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Responding to COVID-19 in conflict-affected eastern Ukraine
The only European country facing an armed conflict, Ukraine’s healthcare system was already under great strain, especially in the east where sporadic hostilities have left many struggling to access healthcare. The spread of COVID-19 threatens to further overwhelm the country’s healthcare capacity. Ukraine is also facing a crippling shortage of personnel, with around 25 percent of its doctors now at retirement age.
The lack of medical and personal protective equipment only undermines Ukraine’s limited capacity to respond to the COVID-19 pandemic. It’s also quite concerning the fact that almost 20 percent of Ukrainians with confirmed infections are healthcare workers; 19 of them died and around 2,000 remain ill or are convalescing. Alongside this, high rates of chronic diseases make eastern Ukraine particularly vulnerable to COVID-19.
Having provided medical care to conflict-affected communities for some years already, Médecins Sans Frontières/Doctors Without Borders (MSF) is now supporting Ukraine’s Ministry of Health to respond to COVID-19 in the Donetsk and Zhytomyr regions.
MSF is reinforcing health services
MSF teams are providing home-based care to vulnerable people living close to the conflict zone to reduce the burden on the few health structures that remain open in the region. We have two mobile teams in Mariinka, in the Donetsk region, to reinforce health services and shield the elderly Ministry of Health staff from exposure to COVID-19. Our teams provide contact tracing, screening, and home-based care for people with mild symptoms. They also refer patients that require hospitalisation and assist with collecting samples for COVID-19 testing in the Ministry of Health-designated laboratories.
“Some of the patients we have visited to provide home-based care hear the hostilities of the conflict every day, live in damaged houses... I remember a young family with four children in a house where the cracked door and windows do not close”
MSF is reinforcing the capacity of the Ministry of Health staff. So far, almost 170 healthcare workers in Donetsk and Zhytomyr have received training on the proper use of protective equipment, infection prevention, and control, how to manage the flow of patients through triage, screening and isolation, and safe waste management. Psychological care for medical staff, patients, and community is also available through hotlines to address the cumulative stress of conflict and confinement.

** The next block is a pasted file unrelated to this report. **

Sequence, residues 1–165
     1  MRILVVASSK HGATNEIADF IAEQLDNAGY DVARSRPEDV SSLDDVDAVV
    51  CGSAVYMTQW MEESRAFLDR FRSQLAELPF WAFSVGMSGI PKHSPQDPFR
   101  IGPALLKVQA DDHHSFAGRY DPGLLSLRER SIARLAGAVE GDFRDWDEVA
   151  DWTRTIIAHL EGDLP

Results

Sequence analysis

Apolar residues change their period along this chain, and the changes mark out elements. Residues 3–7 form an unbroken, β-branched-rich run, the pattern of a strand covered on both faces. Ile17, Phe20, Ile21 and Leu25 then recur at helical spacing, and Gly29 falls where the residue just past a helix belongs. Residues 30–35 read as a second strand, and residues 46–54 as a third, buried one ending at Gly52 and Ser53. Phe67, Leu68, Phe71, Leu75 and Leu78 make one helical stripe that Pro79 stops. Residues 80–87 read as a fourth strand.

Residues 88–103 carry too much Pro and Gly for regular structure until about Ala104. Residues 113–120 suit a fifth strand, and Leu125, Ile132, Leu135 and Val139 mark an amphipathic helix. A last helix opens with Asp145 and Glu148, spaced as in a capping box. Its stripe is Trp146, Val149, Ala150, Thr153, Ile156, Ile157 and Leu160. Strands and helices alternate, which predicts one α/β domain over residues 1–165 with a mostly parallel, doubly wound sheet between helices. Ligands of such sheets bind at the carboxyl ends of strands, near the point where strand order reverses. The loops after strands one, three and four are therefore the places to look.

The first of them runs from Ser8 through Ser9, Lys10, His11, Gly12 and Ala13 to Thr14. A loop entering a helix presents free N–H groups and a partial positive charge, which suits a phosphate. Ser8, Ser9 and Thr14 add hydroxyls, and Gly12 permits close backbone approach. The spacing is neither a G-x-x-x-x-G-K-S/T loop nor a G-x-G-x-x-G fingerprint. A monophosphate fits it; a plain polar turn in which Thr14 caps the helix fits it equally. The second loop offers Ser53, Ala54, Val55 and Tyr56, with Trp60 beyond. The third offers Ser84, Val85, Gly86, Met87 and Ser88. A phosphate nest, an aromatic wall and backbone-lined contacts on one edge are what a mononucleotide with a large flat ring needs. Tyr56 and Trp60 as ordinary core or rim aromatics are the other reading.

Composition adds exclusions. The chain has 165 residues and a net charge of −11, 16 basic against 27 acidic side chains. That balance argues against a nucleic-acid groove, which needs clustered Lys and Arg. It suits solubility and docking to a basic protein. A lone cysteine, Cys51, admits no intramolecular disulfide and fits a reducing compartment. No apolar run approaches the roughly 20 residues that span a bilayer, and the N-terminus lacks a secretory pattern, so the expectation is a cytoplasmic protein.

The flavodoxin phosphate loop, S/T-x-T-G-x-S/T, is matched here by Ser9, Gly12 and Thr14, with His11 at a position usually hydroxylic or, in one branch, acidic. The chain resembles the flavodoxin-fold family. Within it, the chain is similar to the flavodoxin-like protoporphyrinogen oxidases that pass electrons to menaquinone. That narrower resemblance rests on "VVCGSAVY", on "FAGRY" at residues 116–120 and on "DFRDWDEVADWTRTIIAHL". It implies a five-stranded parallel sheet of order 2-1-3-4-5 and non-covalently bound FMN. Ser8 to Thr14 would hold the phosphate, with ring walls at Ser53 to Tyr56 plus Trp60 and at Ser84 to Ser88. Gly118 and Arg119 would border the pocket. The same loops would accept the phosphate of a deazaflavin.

“Some of the patients we have visited to provide home-based care hear the hostilities of the conflict every day, live in damaged houses... I remember a young family with four children in a house where the cracked door and windows do not close,” says MSF doctor, Olga Taushan.
Keeping healthcare workers safe
“We have visited around a third of the facilities designated to treat COVID-19 patients in the Zhytomyr region. Healthcare workers are quite motivated despite the challenges they face in treating patients. Facilities have been slow to implement infection control measures, and there are still issues with the correct use of personal protective equipment,” says Marve Duka, MSF project medical referent. “If they don’t know how to put on and take off their protective equipment or properly set-up screening, triage, and isolation areas, for example, staff can get infected, infect each other and infect patients in other areas of the hospital.”
Continuity of care in a setting with high rates of infection and chronic diseases
Ukraine is among the countries with the highest rate of multi-drug-resistant tuberculosis in the world and also has high rates of hepatitis C, HIV, alcohol use disorder, obesity, cardiovascular disorders, and diabetes. All of which are factors that seem to increase the risk of people that contract COVID-19 developing severe symptoms. All MSF patients in Ukraine fall into one of these groups.
As such, it is a priority for MSF to ensure that we can continue to care for our patients. We are ensuring supplies of medications for the length of the announced quarantine period, sharing information on how to prevent COVID-19, and offering our patients psychosocial support, mainly by phone. We are treating almost 170 patients multi-drug-resistant tuberculosis and continue to enroll on average four patients a week on a treatment programme, just as before the pandemic. In Sievierodonetsk, we continue to donate medicines to the local HIV programme to treat a range of infections.